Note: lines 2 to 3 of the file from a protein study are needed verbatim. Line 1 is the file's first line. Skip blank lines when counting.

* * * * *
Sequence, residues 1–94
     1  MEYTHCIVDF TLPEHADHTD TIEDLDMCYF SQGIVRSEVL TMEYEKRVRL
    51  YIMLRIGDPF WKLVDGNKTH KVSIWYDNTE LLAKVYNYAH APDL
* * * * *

     1  MEYTHCIVDF TLPEHADHTD TIEDLDMCYF SQGIVRSEVL TMEYEKRVRL
    51  YIMLRIGDPF WKLVDGNKTH KVSIWYDNTE LLAKVYNYAH APDL